Department of Justice is now the Department of Communities and Justice. Find out more >
Under the National Employment Standards (NES), the maximum hours of work for a full time employee is 38 hours per week. Overtime is any work that you do outside of your normal working hours. Generally overtime is paid at a rate higher than your usual hourly rate. The hourly rate you are paid will depend on:
Your employer can ask you to work additional hours but the request must be reasonable. If your employer is forcing you to work unreasonable extra hours, you should get
If you work late nights, early mornings, weekends or on public holidays, you may be entitled to a higher rate of pay. These higher rates are called penalty rates, and they can be different depending on your job or industry you work in. How much you should be paid for working during these times will depend on your award, enterprise agreement or contract of employment.
If you are only covered by the NES you are not entitled to penalty rates.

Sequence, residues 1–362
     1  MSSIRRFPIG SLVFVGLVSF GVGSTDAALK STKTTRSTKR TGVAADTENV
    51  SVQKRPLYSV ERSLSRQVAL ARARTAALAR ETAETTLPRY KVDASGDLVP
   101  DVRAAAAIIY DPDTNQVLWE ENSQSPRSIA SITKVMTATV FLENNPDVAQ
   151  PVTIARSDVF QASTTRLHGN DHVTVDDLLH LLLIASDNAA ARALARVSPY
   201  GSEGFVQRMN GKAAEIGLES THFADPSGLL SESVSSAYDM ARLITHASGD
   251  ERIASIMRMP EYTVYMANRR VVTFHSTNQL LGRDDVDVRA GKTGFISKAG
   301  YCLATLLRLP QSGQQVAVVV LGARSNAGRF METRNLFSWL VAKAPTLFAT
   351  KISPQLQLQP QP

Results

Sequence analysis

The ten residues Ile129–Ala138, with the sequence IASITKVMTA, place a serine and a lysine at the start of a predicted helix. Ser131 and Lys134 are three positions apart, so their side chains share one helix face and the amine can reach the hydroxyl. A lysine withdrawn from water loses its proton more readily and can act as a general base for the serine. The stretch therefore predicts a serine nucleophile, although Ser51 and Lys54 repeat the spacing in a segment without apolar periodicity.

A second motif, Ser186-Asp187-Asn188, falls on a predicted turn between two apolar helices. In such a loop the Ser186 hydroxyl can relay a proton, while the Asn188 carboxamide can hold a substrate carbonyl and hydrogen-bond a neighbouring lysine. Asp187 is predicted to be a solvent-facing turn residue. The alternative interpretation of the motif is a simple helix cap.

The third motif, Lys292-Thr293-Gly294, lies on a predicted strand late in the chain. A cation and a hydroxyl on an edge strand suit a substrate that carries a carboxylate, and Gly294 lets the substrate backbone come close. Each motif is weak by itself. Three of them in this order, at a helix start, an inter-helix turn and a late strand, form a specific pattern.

Some employees may be entitled to extra payments, for things like:
These types of payments are called allowances. The allowances that you are entitled to should be set out in the award or enterprise agreement you are employed under, or your contract of employment.
If you are entitled to overtime or any allowances, these will usually be paid at the same time that you receive your wages. For example, weekly, fortnightly or monthly. Overtime and allowances are usually singled out on your payslip so you can easily check how much you were paid for these entitlements.
If you are dismissed (sacked) from your job, you should still be paid any allowances you are entitled to and any overtime that you worked until your last day of employment. You should receive these payments when you leave your job or on the next scheduled payday.
If you haven't been paid or you haven't been paid the right amount, there are steps you can take to try and recover the money that you are entitled to. For more information, see
What if my entitlements are not paid?
Case study - Rishi